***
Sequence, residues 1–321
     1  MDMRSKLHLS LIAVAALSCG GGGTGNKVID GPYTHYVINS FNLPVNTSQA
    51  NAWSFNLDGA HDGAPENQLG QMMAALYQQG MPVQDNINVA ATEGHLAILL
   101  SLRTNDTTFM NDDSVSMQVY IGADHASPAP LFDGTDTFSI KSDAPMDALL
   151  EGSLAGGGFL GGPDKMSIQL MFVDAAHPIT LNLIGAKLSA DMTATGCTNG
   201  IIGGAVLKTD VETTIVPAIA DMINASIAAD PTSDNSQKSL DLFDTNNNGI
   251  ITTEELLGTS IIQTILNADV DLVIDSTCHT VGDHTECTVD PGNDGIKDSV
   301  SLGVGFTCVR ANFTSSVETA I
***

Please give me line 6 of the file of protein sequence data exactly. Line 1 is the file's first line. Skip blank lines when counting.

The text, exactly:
   201  IIGGAVLKTD VETTIVPAIA DMINASIAAD PTSDNSQKSL DLFDTNNNGI